The Communication Trust has reiterated the vital importance of good spoken communication skills and interaction, in light of Ofcom’s findings released last week that many more people are sending text messages instead of having face-to-face conversations.
Communication skills are fundamental in the 21st century and are directly linked to learning and life chances. Previous Communication Trust research commissioned last year as part of the Hello campaign (national year of communication) highlighted that an ‘urban myth’ exists that children will automatically pick up communication skills when in fact they have to be learned and nurtured. Wendy Lee, Professional Director for the Trust, said: “We cannot underestimate the importance and value of face-to-face communication. Whilst technology plays a vital role in our lives, it is essential that children and young people develop good social interaction skills, express their thoughts and can make themselves understood.
“Children learn to communicate through face-to-face communication and interaction with adults and it provides excellent opportunities to develop a wider vocabulary. They cannot pick this up through using technology when so much of this information is bite-sized and they miss out on the richness of language.” Lee continues: “Learning to speak and listen are some of the most complex skills we ever learn and in some socially deprived parts of the country upwards of 50% of children are starting school with language delay. Without good communication support, these children often don’t catch up with their peers. “Adults play a crucial role in ensuring children and young people develop these skills by engaging them in
conversations. It is important they nurture good speaking skills and hold conversations so they model this approach, so it is concerning that the Ofcom study suggests we are relying more and more on texting and other forms of technology to communicate.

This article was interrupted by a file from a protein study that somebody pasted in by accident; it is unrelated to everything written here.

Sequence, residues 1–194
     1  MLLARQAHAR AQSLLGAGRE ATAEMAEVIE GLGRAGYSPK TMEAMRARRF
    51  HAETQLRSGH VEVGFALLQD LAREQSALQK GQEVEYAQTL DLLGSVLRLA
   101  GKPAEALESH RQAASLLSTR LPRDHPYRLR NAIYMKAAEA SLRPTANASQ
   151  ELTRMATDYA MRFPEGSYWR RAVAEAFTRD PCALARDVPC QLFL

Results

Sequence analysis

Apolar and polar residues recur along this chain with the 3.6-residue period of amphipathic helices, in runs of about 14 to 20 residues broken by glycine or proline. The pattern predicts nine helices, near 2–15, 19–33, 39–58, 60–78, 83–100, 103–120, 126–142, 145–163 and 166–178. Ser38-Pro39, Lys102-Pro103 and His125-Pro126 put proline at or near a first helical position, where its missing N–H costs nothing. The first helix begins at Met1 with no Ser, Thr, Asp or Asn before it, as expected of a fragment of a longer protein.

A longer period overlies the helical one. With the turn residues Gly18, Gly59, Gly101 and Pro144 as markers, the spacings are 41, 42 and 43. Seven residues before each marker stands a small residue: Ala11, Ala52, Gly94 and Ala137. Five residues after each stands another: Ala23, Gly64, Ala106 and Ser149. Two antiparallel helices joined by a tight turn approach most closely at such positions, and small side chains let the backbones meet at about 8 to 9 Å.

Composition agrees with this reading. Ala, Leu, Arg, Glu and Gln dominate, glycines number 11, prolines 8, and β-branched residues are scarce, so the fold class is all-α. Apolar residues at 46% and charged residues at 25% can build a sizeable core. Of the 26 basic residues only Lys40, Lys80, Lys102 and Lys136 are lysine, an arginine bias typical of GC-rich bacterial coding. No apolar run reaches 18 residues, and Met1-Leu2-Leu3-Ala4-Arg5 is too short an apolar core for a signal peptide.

“There are many positives about the way technology has developed. It has increased the number of people we can communicate with, which widens our experiences and can be enriching linguistically. 1 million children in the UK have some form of speech, language and communication need and for those who use communication aids and alternative methods of communication, technology is their lifeline.
“If we consider teenagers, technology is very much part of their culture. We also have to ensure they are confident in face-to-face communication skills so they can succeed in the world of work. Employers have highlighted that they are crying out for young people with good communication skills and that too many are starting work without them.”
The Communication Trust has developed a number of resources to help adults and members of the children’s workforce to increase their awareness and confidence in supporting children’s language development, being aware of the typical ‘ages and stages’ and knowing when a child is struggling and in need of support. These are available from www.thecommunicationtrust.org.uk/resources The Trust has previously worked with BT (as part of Hello) to create top tips to make using technology a communication opportunity. This can be downloaded here www.thecommunicationtrust.org.uk/aboutthe-trust/what-do-we-do/latest-news.aspx